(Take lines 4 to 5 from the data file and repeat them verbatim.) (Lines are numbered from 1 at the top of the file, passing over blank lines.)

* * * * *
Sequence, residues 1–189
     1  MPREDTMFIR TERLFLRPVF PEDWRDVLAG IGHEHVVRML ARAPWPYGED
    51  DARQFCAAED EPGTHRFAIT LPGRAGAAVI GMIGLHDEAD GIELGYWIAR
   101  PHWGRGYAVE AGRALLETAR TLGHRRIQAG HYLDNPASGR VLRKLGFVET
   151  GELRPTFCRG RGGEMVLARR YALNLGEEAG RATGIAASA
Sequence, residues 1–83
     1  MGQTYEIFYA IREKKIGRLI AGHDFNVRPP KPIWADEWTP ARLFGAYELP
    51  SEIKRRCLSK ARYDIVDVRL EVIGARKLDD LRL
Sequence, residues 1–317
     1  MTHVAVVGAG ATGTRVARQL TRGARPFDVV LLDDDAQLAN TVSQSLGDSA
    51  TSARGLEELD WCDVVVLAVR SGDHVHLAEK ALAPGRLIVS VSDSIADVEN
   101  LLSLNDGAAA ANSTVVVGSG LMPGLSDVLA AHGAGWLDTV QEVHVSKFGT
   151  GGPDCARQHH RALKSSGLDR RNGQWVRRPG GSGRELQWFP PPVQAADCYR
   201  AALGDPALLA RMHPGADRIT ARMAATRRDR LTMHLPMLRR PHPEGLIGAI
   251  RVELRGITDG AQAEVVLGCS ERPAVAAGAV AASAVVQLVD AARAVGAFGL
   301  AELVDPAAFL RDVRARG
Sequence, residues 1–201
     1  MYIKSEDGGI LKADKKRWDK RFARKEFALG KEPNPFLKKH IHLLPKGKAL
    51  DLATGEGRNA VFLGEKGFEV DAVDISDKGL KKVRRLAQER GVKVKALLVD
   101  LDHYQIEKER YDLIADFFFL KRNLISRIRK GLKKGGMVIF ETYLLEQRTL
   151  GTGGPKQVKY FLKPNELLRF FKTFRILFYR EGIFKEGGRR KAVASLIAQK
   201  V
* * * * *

   101  PHWGRGYAVE AGRALLETAR TLGHRRIQAG HYLDNPASGR VLRKLGFVET
   151  GELRPTFCRG RGGEMVLARR YALNLGEEAG RATGIAASA